Many of the participants were able to draw correlations between sex work and feminism. Rose even argued that being a sex worker intrinsically made her a feminist: “For me I’d say feminism is sex work. . . . If a person knows who a sex worker is, a sex worker is a best definition of feminism. Because . . . like [another participant] was saying, our society tells you what a woman should do, what a woman should wear. You’re supposed to get married and have one husband, you know, have children. A sex worker is the opposite of that. We fit in the society by force.” The participants all agreed that feminism was not merely an identity but also something one does and lives by. Therefore advocating and lobbying for sex workers’ rights was highlighted as a demonstration of one’s activism and, by extension, evidence of one’s feminism. According to Amina Mama (2007), early African feminisms were informed by activism, and political action was essentially combined with intellectual work. She explains, however, that the connection between feminist activism and feminist scholarship in African contexts has been compromised by the development of the “Western-style separation between thought and action” (154). For the participants, however, the two can never be divorced from each other, as ASWA member Anita explained: “I consider myself as a feminist. . . . Yeah, because I fight for the rights of others. And I myself, I’m an activist in the women’s movement. So I consider myself as a feminist.”
During the continuum exercise, many of the ASWA feminists positioned themselves in strong agreement with the statement “Feminism impacts on my sex work.” When asked to explain her positionality, Amaka of ASWA explained how being a feminist emboldened her to be assertive in her sex work when clients tried to demand services she was not willing to offer: “Why I strongly agree is because as a sex worker in Africa I will be able to tell a man, ‘Although you are paying me, I don’t want this’ or ‘Because you are paying me it shouldn’t make me do whatever you want. I do what I want. If you know you cannot cope with it you can go.’” Even though “most of them [clients] they get very very angry” when she refuses them certain services, Amaka claims she never relents. That is how feminism informs her sex work; she would rather lose clients and their money than compromise herself. However, even though most participants affirmed that feminism informs their sex work, some expressed that the two could at times be antagonistic. One participant, Onko, positioned himself in the neutral middle of the continuum. When asked why, he replied:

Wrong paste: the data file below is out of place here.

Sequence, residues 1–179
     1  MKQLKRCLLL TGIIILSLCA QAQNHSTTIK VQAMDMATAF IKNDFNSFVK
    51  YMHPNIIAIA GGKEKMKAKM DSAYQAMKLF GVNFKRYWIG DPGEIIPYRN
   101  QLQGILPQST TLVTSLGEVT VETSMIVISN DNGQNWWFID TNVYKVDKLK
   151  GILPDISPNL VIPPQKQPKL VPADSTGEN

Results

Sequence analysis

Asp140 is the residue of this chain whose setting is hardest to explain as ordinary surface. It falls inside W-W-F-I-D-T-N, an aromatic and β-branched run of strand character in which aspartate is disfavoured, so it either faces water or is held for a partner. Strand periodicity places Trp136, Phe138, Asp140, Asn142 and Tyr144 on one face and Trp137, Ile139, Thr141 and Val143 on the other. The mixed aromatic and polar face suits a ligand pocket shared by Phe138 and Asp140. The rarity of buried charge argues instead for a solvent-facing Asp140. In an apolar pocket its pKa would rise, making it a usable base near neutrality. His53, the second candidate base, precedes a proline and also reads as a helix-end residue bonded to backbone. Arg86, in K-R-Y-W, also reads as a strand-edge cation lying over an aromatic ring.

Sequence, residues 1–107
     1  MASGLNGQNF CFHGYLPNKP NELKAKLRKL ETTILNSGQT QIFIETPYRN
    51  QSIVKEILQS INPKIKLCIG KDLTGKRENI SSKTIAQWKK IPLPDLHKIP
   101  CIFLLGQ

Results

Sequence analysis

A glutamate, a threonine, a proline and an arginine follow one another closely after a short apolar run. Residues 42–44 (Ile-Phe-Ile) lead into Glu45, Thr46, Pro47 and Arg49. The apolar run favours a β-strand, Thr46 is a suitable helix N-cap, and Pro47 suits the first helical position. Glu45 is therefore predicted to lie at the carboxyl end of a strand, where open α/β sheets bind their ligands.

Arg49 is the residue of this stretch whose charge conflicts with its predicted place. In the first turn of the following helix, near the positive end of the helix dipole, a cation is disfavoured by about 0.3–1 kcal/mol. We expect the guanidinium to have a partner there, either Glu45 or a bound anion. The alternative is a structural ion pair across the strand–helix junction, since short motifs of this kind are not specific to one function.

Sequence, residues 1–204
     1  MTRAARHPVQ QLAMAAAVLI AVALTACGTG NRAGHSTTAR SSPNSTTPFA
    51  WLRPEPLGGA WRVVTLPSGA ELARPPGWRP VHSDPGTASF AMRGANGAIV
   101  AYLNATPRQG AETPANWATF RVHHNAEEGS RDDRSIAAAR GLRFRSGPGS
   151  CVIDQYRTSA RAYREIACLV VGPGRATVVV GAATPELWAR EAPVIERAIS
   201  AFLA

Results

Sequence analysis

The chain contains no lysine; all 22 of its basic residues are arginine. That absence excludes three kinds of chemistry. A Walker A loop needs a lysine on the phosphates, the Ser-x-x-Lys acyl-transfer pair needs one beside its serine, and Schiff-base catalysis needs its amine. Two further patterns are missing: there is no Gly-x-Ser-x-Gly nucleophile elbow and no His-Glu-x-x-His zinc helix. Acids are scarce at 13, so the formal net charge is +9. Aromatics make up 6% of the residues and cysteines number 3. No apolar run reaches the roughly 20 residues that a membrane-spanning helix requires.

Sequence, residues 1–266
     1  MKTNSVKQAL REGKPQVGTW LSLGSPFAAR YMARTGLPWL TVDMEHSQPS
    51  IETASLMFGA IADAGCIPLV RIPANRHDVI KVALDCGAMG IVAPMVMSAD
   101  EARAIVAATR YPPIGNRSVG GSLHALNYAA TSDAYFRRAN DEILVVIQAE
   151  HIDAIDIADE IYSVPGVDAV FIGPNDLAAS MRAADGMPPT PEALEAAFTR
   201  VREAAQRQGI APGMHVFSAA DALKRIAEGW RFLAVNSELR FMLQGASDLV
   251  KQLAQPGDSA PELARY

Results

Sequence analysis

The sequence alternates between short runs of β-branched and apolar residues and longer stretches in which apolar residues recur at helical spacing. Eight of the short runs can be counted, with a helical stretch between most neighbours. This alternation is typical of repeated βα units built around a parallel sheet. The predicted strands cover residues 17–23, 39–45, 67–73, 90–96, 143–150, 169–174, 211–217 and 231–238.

Uhmm . . . because . . . sometimes because of circumstances and different situations and yeah—at work neh [right]? You’re a sex worker and you’re at work, and for some reasons your feminism standards, your feminism understanding at that particular time will not work for you. I’m not saying it’s right, right? But I’m saying you’ve been here at a hotspot for the whole night, it’s a winter cold, very winter cold. And you know, you’ve not seen one client, and then one client comes, but you’re, you know? That situation—I must pay rent, I must do this-this, so you end up doing something. . . . Yeah.
He acknowledged the challenges of realistically living up to feminist ideals when doing sex work. This demonstrates the constant (re)negotiation with both patriarchy and feminism that African sex worker feminists often have to engage and contend. With that said, it is important to note that no one stood on the strongly disagree end of the continuum.
To Be an African Sex Worker Feminist
All in all I was interested in learning how the participants reconciled the intersectionalities of being an African, a sex worker, and a feminist within the same embodiment and varying social dimensions. One of the participants, Daughtie, explained:
But for me, feminism is not like a different element of the person who you are. . . . And for me, I’m always just aware that whenever I take particular positions and people might think, “This is just an angry bitter woman,” I’m not. I’m just, uhm, being very political because everything about being a young, Black, African woman who is a sex worker living with HIV, single parent, is political. All those definitions of me are political, and that’s why I make a conscious awareness decision to actually affirm myself as a feminist.
For her, being an African sex worker feminist does not mean ascribing to one particular type of identity but rather simultaneously embodying and occupying multiple intersecting political spaces. Unfortunately, as mentioned earlier, these nuances and complexities are often missed when trying to understand sex work within the African context. Daughtie continued:
And so, I just—I feel as if, uhm, right-wing feminists have decided to take the extreme. And I don’t. Our world is not a world of extremes. There are so many gray and pink lines in between and we cross them more often than ever. . . . There is so much in between here, and there is so much of our struggle in between addressing violence on sex workers, addressing, uhm, stigma and discrimination of sex workers from and in many multiple levels. We’re talking from the self, to the individual, to the family, community, societal—before we even get talking at the national level.